Trick or treat sign: Free Halloween printable

This is my first year as a mother when I’ve actually felt on top of Halloween. And that’s 100% because I decided to not go all DIY.

I’m so glad I’m half-assing Halloween.

When Peeper said she wanted to wear a Cinderella costume, my inner feminist cringed—but then I hopped on Amazon and ordered her a damn Disney dress.

Kiwi is still too little to have much of a preference or even know there’s a holiday coming up. So I figured that hey, she has fleece giraffe-print pajamas, so why doesn’t she dress as a giraffe? #twoforonepajamas

Now I have to get out and show off these top-tier costumes. And if you’re like us, you won’t be spending all of Halloween at home, either, waiting to give out tiny chocolates to almost equally tiny Elsas and Pikachus. We’ll be taking the girls out to get their own candy (which we’ll quickly appropriate, obvi). So I wanted to set out a trick or treat sign welcoming the neighborhood kids to help themselves to the treats I’ll leave on the front porch.

And hey, so can you, because you can download this Halloween trick or treat sign for free!

Download this free trick or treat sign printable to leave with a candy bowl on your porch this Halloween! Ten Thousand Hour Mama

Download your free Trick or Treat Sign!

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(Sorry, the free printable does not come with free candy.)

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How to bake with kids

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Warm muffins, melt-in-your-mouth rolls and all the pumpkin spice you could wish for: hello fall! Now that autumn days are cooler and crisper, I’m ready to take my oven out of its summer retirement. It’s no wonder that Peeper has been wanting to help me in the kitchen, too: She asks to help me make muffins at least once a week.

Of course a preschooler’s “help” in anything, especially an activity that involves dumping large quantities of messy flour, requires a certain amount of air quotes. But she loves it—and inviting a child to participate in choosing, preparing and serving food can encourage her to make healthier food choices in the future, according to research. (Um, do chocolate chip cookies count as a healthy food choice?)

Through plenty of experience, I have come across tips on how to bake with kids—without them losing a finger on a hot oven (or you losing your mind).

How to bake with your kids - fall cookies & pumpkin spice muffins, here we come! Ten Thousand Hour Mama Read more

Kiwi is 14 months: Copycat kid

Despite the two years that separate them, Kiwi and Peeper sometimes look like twins—well, a long-haired twin and one with barely enough hair to put up in a whale spout. But this past month, Kiwi’s love of doing everything her big sister does means I have two kids who give me twice the trouble and twice the joy. Because Kiwi is a walking, talking, singing copycat kid.

Kiwi the copycat kid does just about everything else we do. She blows her nose when I have a cold. She combs her hair with a sock when Peeper’s getting her pigtails in. She washes Peeper in the bath just like I do.

In one part of the Cinderella CD we listen to every single darn time we get in the car, Peeper sings along to the chorus—“Ahhh ahhh ahhh ahhhh!” Kiwi does the same, though without much of a tune.

Peeper is learning how to turn a cartwheel in gymnastics. She was showing us the other day, and Kiwi tried to mimic her—and actually got pretty close! Kiwi’s cartwheels were more like headstands, but she did accidentally do a somersault, too. Peeper was thrilled: She clapped and exclaimed, “She’s doing it! She’s doing it!”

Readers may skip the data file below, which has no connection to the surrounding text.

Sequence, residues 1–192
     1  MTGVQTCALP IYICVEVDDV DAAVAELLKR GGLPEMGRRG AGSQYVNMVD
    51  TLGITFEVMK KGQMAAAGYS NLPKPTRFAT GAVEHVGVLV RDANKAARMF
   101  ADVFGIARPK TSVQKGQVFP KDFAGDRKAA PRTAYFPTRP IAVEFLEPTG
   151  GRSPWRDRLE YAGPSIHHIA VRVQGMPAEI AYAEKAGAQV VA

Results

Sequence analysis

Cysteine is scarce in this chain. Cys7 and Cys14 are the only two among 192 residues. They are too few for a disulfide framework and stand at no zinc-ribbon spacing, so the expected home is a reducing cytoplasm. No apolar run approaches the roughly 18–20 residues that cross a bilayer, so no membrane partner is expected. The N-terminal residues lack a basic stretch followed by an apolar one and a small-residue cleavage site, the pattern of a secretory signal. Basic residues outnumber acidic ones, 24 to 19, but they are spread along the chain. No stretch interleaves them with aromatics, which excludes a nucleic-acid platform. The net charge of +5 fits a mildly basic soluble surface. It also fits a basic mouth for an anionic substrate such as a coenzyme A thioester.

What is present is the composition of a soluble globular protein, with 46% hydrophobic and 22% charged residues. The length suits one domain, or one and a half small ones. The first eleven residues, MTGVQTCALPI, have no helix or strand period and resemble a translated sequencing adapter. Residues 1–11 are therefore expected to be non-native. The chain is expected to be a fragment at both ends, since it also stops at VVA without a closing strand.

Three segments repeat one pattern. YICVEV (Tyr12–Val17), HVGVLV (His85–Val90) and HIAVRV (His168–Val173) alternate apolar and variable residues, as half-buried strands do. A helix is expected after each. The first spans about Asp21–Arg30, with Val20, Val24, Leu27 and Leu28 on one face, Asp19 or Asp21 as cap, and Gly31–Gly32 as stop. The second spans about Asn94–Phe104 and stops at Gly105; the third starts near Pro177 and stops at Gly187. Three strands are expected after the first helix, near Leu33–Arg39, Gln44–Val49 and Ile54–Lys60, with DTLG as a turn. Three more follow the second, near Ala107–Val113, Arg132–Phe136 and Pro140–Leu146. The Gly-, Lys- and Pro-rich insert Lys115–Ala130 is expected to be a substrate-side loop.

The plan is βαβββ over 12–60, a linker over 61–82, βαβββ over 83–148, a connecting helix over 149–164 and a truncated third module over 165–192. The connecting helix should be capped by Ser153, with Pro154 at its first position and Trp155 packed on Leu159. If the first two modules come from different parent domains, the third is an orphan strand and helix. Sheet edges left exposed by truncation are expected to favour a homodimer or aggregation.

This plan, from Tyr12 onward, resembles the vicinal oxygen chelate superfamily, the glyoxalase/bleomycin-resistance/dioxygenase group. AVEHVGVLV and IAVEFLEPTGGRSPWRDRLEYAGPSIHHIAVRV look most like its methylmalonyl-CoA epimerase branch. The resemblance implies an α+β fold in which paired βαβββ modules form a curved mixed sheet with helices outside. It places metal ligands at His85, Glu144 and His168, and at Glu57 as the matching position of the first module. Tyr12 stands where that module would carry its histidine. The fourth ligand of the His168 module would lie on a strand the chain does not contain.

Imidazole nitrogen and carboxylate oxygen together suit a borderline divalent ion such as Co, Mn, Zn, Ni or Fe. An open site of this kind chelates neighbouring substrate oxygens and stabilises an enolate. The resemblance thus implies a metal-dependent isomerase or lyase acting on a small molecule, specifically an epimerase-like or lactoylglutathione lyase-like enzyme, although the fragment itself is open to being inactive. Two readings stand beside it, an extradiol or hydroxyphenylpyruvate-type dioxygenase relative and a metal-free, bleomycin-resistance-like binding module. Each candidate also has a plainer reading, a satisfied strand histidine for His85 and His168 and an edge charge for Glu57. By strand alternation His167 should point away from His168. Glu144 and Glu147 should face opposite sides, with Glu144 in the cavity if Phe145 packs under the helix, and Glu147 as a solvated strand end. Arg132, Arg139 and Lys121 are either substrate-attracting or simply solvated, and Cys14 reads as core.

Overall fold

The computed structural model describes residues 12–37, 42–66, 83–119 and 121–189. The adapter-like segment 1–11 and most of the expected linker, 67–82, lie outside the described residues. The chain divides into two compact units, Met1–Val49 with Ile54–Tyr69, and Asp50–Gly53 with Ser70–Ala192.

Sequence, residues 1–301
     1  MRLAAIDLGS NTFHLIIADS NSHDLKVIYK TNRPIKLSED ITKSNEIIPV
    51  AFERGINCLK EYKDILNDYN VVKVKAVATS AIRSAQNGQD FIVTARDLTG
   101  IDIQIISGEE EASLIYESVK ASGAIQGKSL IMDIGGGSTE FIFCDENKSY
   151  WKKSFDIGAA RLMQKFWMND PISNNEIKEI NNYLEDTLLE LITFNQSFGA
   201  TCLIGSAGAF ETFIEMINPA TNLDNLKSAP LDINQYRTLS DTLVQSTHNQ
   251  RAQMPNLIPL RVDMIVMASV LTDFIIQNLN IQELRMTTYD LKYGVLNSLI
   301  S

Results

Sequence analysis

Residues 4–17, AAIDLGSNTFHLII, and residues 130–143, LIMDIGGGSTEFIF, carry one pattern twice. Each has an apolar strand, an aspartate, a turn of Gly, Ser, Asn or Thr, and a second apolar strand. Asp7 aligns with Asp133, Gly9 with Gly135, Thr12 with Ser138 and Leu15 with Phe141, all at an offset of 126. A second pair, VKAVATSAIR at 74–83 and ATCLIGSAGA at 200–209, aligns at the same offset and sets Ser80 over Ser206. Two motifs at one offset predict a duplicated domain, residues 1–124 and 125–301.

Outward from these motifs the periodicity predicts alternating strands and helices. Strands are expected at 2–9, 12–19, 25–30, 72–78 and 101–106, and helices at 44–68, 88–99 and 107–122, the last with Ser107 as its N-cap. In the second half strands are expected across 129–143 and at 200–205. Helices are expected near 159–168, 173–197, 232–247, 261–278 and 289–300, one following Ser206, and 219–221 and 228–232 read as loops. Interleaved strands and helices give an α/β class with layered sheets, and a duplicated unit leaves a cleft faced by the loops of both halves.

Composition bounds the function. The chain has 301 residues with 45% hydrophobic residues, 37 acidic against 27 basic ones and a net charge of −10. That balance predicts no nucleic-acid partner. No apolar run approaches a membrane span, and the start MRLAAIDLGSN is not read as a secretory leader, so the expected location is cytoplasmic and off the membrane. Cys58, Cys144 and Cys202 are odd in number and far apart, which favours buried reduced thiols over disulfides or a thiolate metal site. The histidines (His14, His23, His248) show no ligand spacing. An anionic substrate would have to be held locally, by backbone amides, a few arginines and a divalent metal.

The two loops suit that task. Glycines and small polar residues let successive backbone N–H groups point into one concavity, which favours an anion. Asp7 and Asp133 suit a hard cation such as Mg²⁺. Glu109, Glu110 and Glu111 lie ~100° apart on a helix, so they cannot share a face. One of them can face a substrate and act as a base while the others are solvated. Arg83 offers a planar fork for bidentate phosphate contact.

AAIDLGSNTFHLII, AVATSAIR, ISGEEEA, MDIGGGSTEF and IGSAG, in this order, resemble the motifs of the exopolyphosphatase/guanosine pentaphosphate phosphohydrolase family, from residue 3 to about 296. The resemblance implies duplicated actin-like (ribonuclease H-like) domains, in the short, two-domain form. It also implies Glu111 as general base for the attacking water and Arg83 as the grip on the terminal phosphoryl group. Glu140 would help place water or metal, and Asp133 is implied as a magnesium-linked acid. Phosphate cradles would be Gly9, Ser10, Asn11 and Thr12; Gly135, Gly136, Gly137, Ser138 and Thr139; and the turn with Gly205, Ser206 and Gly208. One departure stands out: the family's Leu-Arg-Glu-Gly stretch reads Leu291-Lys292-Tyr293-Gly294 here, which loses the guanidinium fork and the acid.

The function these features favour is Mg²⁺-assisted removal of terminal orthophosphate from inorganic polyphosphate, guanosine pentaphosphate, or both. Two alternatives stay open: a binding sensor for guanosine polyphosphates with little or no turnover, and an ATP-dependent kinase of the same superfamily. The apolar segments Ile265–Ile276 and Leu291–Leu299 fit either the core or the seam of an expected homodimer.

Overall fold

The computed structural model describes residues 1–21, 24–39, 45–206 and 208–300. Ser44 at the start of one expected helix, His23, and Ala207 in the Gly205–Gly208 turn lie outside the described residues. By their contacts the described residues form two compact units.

If imitation is the sincerest form of flattery, my toddler is really buttering us up! Ten Thousand Hour Mama

Kiwi is all eyes—and then she gets it. After watching Peeper or another one of us, she launches into her own version, whether it’s dancing or scrubbing down her high chair.

If imitation is the sincerest form of flattery, well, Kiwi is really buttering us up.  Read more

Hello ice cream truck, goodbye summer

“Hey, what’s that noise?” I asked. Peeper looked up, her eyes wide. She turned to look out the window. “Let’s go see!” I said. I figured we had to do this one thing before we said goodbye summer.

As quickly as I could, I got our shoes on, picked up Kiwi and dashed outside. The metallic tinkling tune was fading as its source moved farther away. Undeterred, I hurried us along the quiet street.

Then, to my relief, the cheerful song got louder. And then we saw it: the ice cream truck.

Visiting the ice cream truck and saying goodbye to summer inspires me to take stock of what I learned about my daughters—and myself. Ten Thousand Hour Mama

A few times this summer, the ice cream truck has stopped in our neighborhood. The driver must have known about the groups of kids who rove through our block. They play chase, ride scooters, flirt and let the summer afternoons drift by as if time did not exist.

Yet I hadn’t taken my girls out to have their first ice cream truck experience. The truck always seemed to come right before nap time. Or, more honestly, I just didn’t want to deal with the sugar buzz, no matter the time of day.

But summer is coming to a close. Before we said goodbye summer, I wanted the girls to say hello, cream truck! Read more

Kids volunteering at home: Little Loving Hands

I received a free craft kit from Little Loving Hands to try out. As always, all opinions here are my own.


My Peeper, she has one of the kindest, most empathetic hearts I’ve ever known. She brings Kiwi’s favorite toys to her when Little Sister is crying. She covers me in kisses if I stub my toe (including the time a few weeks ago when I’m pretty sure I broke my pinkie toe—ouch!). She gets choked up if a character in a book is sad.

So it’s natural that she wants to help others.